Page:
Fabrication and properties of oxide semiconductor nanowires
Date of Issue2016-01-11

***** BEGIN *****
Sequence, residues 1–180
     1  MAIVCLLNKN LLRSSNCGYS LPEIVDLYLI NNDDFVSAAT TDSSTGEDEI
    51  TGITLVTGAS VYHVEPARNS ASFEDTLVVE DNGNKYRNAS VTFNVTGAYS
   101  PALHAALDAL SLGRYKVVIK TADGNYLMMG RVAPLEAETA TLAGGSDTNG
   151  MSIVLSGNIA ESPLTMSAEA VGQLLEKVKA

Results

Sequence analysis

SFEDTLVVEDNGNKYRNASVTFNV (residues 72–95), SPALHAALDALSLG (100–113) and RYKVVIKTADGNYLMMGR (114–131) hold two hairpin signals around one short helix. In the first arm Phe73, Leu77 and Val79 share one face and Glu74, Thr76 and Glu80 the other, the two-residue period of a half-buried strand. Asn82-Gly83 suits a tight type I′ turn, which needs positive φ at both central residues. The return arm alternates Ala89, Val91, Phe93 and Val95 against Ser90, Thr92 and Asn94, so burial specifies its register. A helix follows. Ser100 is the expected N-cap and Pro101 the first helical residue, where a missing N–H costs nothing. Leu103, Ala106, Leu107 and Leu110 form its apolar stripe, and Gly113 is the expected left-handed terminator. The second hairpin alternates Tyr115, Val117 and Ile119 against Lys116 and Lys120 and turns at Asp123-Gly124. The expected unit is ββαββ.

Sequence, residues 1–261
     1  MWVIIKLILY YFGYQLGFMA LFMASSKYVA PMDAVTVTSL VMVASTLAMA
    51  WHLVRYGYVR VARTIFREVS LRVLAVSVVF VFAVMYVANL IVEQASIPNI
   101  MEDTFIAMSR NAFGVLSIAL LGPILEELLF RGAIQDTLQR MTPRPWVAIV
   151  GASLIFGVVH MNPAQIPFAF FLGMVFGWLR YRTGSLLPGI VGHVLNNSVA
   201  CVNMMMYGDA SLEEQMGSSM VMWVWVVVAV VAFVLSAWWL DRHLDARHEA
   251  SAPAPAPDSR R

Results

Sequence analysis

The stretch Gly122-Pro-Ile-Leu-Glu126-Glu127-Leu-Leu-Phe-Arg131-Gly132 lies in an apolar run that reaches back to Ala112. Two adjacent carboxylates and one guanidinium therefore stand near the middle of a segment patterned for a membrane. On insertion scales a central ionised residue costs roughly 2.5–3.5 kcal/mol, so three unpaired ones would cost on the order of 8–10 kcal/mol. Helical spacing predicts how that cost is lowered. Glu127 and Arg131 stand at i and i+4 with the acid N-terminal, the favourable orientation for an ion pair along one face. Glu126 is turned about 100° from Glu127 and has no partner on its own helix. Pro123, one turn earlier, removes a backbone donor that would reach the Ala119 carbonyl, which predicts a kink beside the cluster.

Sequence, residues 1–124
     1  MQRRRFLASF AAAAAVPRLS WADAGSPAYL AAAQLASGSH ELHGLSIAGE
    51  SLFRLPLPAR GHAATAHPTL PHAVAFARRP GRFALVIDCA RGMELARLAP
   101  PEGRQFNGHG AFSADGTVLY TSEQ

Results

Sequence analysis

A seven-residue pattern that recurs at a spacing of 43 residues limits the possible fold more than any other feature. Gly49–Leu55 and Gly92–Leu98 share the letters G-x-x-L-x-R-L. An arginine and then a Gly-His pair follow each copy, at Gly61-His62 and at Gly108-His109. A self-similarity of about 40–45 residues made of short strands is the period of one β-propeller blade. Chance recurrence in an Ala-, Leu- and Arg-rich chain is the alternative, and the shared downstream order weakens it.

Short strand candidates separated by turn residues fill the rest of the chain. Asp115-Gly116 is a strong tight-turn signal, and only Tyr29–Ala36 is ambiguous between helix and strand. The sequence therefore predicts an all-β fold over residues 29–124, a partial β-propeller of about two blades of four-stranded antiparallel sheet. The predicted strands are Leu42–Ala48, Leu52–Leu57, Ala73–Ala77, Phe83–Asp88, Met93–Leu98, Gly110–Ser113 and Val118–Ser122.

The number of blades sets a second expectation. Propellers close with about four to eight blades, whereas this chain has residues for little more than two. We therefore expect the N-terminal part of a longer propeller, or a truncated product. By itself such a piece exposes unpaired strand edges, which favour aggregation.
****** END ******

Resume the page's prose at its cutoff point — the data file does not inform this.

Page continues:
Semiconductor nanowires have been intensively studied because of their novel properties in the past two decades. Lots of interesting nanostructures have been demonstrated via the famous vapor-liquid-solid (VLS) mechanism. This bottom-up synthesis is significant for extensive applications in sensing, photonics, electronics and energy conversion. Studying nanowire growth behaviour and controlling nanowire morphology are the central theme in nanoscience and nanotechnology. Herein, we bring insights to the conventional VLS growth mechanism in the growth of lateral and kinked nanowires and advance the study of Gibbs-Thomson effect in planar nanowires growth. We report the growth of planar, vertical and randomly oriented tin-doped indium oxide (ITO) nanowires. Those differently oriented nanowires could be grown on yttria-stabilized zirconia (YSZ) substrates with an epitaxial relationship in the VLS mechanism. The growth temperature is the only parameter to be regulated. Our (scanning) transmission electron microscopy and reciprocal space mapping experiments revealed that the substrate-nanowire epitaxy had essential role in the growth of oriented in-plane and out-of-plane nanowires at the higher growth temperatures. On the contrary, the randomly oriented nanowires grew at lower growth temperature. In addition, the control of the symmetry, orientation and structure of the nanowires was also demonstrated by using (110) and (111) YSZ substrates. Based on these results, we obtained regular arrays of lateral ITO nanowires by using patterned Au catalyst nanoparticles. Furthermore, we demonstrate the direct observations of the Gibbs-Thomson effect in planar nanowires for the first time. Our systematic studies showed that the growth velocity of planar indium tin oxide (ITO) NWs conformed to Gibbs-Thomson effect and could be modulated by tin doping concentrations in spite of their rich growth directions and complex shapes. A growth model based on the surface energy was developed to explain the increasing cutoff diameter with decreasing tin doping concentration and the different cutoff diameter on different oriented substrates. We demonstrated the unprecedented growth behaviors of indium oxide (IO) nanostructures and revealed the important function of the tin dopants. At last, we report the growth of kinked single-crystalline In2O3 nanostructures consisting of nanocone base and nanowire tip connected without any twin boundaries or stacking faults. During the tailored growth, when the diameter of gold catalyst nanoparticle at the apex of the nanocone shrunk to ~100 nm as a result of the gold atom migration, the growth direction switched from  to either  or , depending on the growth conditions. Our results indicated that the size-dependent free energies of different oriented nanowires dictated the switching of growth directions, and the mechanism of forming such novel nanocone-nanowire kinked nanostructure may be universal for a wide range of functional materials.